Friday, July 11, 2008
A brother to owls and a companion to bats
...it might as well be dragons and ostriches ~ though I doubt the writer of the book of Job thought those sort of associations were positive signs.
I met something once, which if it wasn't a dragon, looked like one. One of my goals in life is to go skinny-dipping in the seven seas. So far I've done the Mediterranean, the Sea of Japan, the Caribean, and the Irish, beside where the possible dragon meeting took place.
After the dip I was walking over the grassy dunes with Martin, age 7, a very mystical child, right on the verge of being, as we say, "away", when I saw a tiny lizardy shape scuttle from one grass clump to another. My old zooish instincts kicked in and I scooped up the little creature for Martin to see. "A salamander! A salamander!" he exclaimed. I managed to squelch my know-it-all herptological inclination to correct him, pointing out that salamanders have smooth skin, lizards and skinks have scales, and claws, and besides my mind was also fuddled by the use of the term "salamander" for the creatures of elemental fire. (Hence also that old-fashioned term for a kitchen utensil used to brown pastry.) Seven doesn't need to be bogged.
When I opened my fingers the little creature bucked up on its legs and looked boldly at me. It was dark green, "emerald", about 3 inches long, and had brilliant red and quite penetrating eyes. Of course it had to be a lizard of some sort, but it looked like a dragon to me. Perhaps Martin and I were co-amping our feyness. It didn't seem to be afraid, at all. I let Martin hold it, and we walked on with him beaming in possession.
It wasn't long before my quasi-compassionate humanitarian side assembled its reasons, and I gently told Martin that perhaps we should let it go. I appealled to his family instinct, saying that perhaps the little lizard had family there, and would miss living on the dunes here beside the drumming waves of the sea. I think he was planning to terrify his sister with it, so his idea of family took a different tack at the moment, but he yielded and released the curious creature and it darted away into the windswept grass.
As soon as the lizard was a remembered one, my imagination began to deform, or enhance, as I see it, its image until I was unsure exactly what it had been. Was it really so green, with eyes so fiery red? What sort of lizard might that be? And wasn't there a story concerning St. Patrick, his claim to fame really, that he had run all the snakes out of Ireland, and that's why there are none to this very day. Was it just snakes, or reptiles in general? Snakes, Wyrms, and Dragons were all of a kind, a bad kind, in the old days. Woden, so our oldest English herbal, Bald's Leechbook, claims - struck a wyrm with nine alder rods and severed it into nine pieces ~ ending the poison of the resulting nine afflictions with an apple somehow ~ and this is the origin of the "apple a day keeps Woden away" saying. If it was a dragon, and still so small, wouldn't proper act of a hero, or anyone short of an aspiring satanist really, be to crush it. I remember a woman in Mississippi telling me "Snakes is the Devil and I hate em."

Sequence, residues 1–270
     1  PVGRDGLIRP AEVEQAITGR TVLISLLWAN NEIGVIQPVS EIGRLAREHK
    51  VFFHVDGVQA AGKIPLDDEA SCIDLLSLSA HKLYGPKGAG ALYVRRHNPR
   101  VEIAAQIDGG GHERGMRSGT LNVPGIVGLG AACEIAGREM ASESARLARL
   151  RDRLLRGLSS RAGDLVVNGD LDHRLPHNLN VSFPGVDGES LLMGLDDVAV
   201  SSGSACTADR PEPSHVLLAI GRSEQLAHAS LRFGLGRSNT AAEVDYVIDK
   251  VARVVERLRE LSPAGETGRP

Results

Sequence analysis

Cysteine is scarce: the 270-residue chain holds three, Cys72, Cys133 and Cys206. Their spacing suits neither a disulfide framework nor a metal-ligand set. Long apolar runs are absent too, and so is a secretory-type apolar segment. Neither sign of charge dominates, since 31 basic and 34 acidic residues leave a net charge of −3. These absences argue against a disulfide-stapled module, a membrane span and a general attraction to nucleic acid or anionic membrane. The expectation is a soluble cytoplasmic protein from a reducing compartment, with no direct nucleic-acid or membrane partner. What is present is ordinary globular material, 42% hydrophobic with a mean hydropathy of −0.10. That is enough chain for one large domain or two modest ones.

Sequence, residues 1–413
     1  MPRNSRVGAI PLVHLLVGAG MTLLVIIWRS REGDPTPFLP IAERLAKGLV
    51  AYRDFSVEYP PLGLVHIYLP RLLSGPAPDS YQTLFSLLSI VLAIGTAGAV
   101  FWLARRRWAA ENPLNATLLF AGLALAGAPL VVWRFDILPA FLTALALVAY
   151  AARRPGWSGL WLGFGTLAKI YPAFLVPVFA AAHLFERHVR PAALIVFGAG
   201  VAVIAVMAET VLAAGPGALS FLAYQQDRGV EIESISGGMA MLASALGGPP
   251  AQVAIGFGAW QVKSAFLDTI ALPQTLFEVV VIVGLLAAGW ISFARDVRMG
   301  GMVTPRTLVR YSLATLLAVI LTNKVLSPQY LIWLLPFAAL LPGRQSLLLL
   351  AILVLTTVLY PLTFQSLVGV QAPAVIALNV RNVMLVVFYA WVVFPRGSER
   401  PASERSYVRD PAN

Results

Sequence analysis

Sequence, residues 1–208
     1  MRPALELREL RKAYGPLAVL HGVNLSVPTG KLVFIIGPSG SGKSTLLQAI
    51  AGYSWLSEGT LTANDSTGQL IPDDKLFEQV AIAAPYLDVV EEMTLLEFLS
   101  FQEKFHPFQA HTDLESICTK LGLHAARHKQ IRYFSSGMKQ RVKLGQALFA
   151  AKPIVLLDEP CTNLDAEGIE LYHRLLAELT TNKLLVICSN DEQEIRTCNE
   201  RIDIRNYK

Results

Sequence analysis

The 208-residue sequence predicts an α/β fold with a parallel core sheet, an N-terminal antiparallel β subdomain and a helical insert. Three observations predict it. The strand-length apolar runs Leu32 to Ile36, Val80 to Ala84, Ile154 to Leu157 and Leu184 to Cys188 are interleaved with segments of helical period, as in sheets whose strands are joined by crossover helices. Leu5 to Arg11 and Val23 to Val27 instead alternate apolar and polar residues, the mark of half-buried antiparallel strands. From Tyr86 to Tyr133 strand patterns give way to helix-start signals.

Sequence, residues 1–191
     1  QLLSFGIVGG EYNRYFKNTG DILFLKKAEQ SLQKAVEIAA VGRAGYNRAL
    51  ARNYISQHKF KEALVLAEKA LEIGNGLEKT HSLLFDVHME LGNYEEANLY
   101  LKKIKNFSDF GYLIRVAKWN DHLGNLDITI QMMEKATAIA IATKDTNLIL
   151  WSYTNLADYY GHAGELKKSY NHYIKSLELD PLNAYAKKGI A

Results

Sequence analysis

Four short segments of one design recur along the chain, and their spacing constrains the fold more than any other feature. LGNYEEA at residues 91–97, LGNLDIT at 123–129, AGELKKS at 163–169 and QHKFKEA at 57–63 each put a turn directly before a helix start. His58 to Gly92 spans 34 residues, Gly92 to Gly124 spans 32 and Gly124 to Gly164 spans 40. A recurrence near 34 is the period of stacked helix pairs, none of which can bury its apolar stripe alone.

Then a fanciful thought crept into my head, pehaps addled by the hypnotic stare of the miniature dragon, wondering how I'd feel if I'd happened to have been Hitler's wet nurse and had a premonition about the future of what I was nursing. Would there be a temptation to save everyone a lot of trouble?
That's the problem with omens, as Shakespeare pointed out in the cauldron scene of Macbeth - divination is a tricky game, and the only prophecies are self-fulfilling ones.
I made a song about that dragon, or lizard ~ which you can hear at http://dandutton.com/downloads.html
Shepherdgirl put in a request for a photo of the commune of bats roosting in my studio, so here it is ~
"Where the bee sucks, there suck I!
In a cowslip bell I lie!
There I couch when owls do cry!
On a bat's back forth I fly ~
merrily, so merrily, in Summer!" (sung by Ariel in The Tempest)